The adage “you can’t go home again” applies equally to Paul Baümer from All Quiet on the Western Front and Harold Krebs from Soldier’s Home. Both characters are traumatized WWI soldiers unable to reintegrate into society. While many comparisons can be made of Krebs and Baümer, their reactions to being “home” struck me the most.
In Hemingway’s short story, American Marine Krebs “had been a good soldier.” (p. 4) and battled “at Belleau Wood, Soissons, the Champagne, St Mihiel and in the Argonne” (p. 1). Nonetheless, no accounts of Krebs’ experiences on the front lines are described in the story. In contrast, Remarque’s novel contains graphic scenes in disturbing detail of Paul’s life as a German soldier. For instance, Paul sees grisly corpses scattered in No Man’s Land, witnesses his school mate Kemmerick dying in hospital after losing a limb in combat, and watches an enemy French soldier slowly die from a stabbing Paul himself has inflicted. In addition to this, when Paul and Kat encounter a wounded comrade they face an unimaginable decision,
“Kat looks around and whispers: “Shouldn’t we just take a revolver and put an end to it?”
The youngster will hardly survive the carrying, and at the most he will only last a few days. What he has gone through so far is nothing to what he’s in for till he dies. Now he is numb and feels nothing. In an hour he will become one screaming bundle of intolerable pain. Every day that he can live will be a howling torture. And to whom does it matter whether he has them or not—I nod.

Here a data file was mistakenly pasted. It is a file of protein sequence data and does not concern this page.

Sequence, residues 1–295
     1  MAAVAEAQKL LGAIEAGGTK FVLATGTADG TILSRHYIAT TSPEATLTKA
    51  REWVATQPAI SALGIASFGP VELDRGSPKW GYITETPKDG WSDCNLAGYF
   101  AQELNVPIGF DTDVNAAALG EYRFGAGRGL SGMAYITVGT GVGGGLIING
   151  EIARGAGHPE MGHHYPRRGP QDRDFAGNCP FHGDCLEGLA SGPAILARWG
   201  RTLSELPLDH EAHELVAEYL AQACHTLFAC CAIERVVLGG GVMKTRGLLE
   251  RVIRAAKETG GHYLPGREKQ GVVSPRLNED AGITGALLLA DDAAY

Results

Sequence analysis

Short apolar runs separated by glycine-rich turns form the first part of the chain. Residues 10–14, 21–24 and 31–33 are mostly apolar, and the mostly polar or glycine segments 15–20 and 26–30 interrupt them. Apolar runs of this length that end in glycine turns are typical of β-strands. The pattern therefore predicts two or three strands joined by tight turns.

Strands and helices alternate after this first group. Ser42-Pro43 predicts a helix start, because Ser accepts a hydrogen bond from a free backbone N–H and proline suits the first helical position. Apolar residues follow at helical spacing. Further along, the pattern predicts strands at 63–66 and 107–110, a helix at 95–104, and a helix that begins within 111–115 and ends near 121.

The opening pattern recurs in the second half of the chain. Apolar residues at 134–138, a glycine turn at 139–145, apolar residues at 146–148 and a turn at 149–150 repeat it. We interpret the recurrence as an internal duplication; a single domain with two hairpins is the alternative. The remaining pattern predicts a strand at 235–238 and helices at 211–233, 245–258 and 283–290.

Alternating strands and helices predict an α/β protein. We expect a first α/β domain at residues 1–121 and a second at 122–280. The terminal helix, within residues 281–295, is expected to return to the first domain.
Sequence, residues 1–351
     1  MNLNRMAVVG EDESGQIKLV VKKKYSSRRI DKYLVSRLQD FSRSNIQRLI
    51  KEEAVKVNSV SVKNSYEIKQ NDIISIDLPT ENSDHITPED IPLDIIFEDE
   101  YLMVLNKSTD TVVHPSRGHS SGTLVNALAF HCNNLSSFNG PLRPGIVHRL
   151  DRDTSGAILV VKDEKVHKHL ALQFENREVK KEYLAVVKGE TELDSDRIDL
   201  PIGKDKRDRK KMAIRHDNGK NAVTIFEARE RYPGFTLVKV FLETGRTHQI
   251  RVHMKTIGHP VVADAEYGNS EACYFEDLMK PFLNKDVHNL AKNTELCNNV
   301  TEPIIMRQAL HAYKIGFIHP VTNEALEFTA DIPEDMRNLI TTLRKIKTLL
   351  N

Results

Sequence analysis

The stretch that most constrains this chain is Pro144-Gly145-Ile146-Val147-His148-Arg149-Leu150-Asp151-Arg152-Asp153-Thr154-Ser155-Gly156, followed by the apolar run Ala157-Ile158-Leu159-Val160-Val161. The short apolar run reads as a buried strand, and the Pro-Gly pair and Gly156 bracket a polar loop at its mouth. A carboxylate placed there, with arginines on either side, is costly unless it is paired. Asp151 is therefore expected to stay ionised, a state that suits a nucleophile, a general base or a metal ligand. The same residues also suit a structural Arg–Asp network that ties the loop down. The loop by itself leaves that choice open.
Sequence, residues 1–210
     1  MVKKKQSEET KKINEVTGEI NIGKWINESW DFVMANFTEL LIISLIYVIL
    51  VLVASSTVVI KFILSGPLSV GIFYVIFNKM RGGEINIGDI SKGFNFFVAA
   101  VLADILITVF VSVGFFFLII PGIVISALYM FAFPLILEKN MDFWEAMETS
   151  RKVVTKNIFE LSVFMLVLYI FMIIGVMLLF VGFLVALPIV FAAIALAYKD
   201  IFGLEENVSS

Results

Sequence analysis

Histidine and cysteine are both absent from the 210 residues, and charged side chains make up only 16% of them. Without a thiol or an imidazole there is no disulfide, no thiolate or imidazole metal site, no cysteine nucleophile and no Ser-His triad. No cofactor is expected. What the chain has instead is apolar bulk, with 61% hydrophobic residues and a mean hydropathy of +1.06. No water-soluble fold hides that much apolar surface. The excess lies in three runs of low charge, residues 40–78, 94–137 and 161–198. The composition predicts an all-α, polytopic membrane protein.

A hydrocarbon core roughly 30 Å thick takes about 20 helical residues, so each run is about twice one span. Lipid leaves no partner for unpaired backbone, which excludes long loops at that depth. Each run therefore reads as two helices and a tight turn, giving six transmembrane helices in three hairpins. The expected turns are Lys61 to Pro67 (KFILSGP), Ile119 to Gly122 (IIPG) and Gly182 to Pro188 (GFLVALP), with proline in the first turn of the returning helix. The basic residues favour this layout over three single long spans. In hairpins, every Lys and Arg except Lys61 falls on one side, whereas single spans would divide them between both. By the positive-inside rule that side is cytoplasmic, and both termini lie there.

“Yes, Kat, we ought to put him out of his misery.” (p. 72).
Given these examples, the reader undoubtedly understands how Paul is traumatized by the war.
Nevertheless, in Soldier’s Home, while the reader does not know exactly what has happened to Krebs during wartime, it is clear that similar to Paul, Krebs has been drastically changed by his experience. After the war, proof of this is seen in Krebs’ lack of interest to interact with his family, find a job or meet a girlfriend despite his family’s encouragement. Does Krebs miss the adrenaline rush from battle? Does he now find life at home mundane? The phrase “It was not worth it.” (p. 3 and 4) is repeated three times throughout the story and demonstrates Krebs’ complacency. Likewise, the lines, “He did not want any consequences. He did not want any consequences ever again. He wanted to live along without consequences.” (p. 3) reveals Krebs’ feelings of disconnect to his former life. Moreover, Krebs’ stolid response to his mother’s question of whether he loves her, “I don’t love anybody” (p.6) ultimately demonstrates his level of detachment and desire not to engage in meaningful relationships with others.
By the same token, when Paul visits home on leave, he says “I ought never to have come here. Out there I was indifferent and often hopeless… I was a soldier, and now I am nothing but an agony for myself, for my mother, for everything that is so comfortless and without end.” (p. 185). From this quote, we see the isolation Paul feels from the life he once knew. Paul’s isolation is very similar to the alienation Krebs inflicts on himself. We can make assumptions that Krebs’ reasons for distancing himself from society are different to Paul’s. Perhaps one has nightmares of the atrocities he witnessed, while the other morbidly reminisces the excitement he felt on the front lines. Either way, the result is the same. Neither Paul nor Krebs is capable of living as they did pre-WWI.
To summarize, while Paul (an Axis soldier) and Krebs (fighting for the victorious Allies) might differ in how they perceived their time in battle, both are clearly changed in a significant way from their WWI experience. Both Paul Baümer and Harold Krebs are tragic characters who (ironically) find they no longer fit into the societies they left home to protect. Ultimately in contrast to Krebs, who survives the war, Paul dies on an unexceptional day described as “All quiet on the Western Front” (p. 296). Nevertheless, it can be argued that both protagonists are casualties of war.